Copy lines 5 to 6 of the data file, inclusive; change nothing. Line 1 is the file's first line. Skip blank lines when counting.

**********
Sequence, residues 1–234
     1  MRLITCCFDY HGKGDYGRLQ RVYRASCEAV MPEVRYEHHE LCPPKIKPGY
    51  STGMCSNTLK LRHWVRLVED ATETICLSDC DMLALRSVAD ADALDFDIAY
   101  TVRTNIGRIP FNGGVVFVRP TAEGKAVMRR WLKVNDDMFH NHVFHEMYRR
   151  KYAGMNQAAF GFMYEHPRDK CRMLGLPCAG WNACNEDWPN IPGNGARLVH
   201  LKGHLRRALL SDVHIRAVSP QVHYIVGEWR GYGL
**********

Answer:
   151  KYAGMNQAAF GFMYEHPRDK CRMLGLPCAG WNACNEDWPN IPGNGARLVH
   201  LKGHLRRALL SDVHIRAVSP QVHYIVGEWR GYGL